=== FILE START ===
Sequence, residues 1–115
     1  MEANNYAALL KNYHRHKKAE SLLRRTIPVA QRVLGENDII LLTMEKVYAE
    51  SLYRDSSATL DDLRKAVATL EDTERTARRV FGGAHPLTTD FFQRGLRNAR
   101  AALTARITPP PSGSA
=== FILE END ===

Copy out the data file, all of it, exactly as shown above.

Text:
Sequence, residues 1–115
     1  MEANNYAALL KNYHRHKKAE SLLRRTIPVA QRVLGENDII LLTMEKVYAE
    51  SLYRDSSATL DDLRKAVATL EDTERTARRV FGGAHPLTTD FFQRGLRNAR
   101  AALTARITPP PSGSA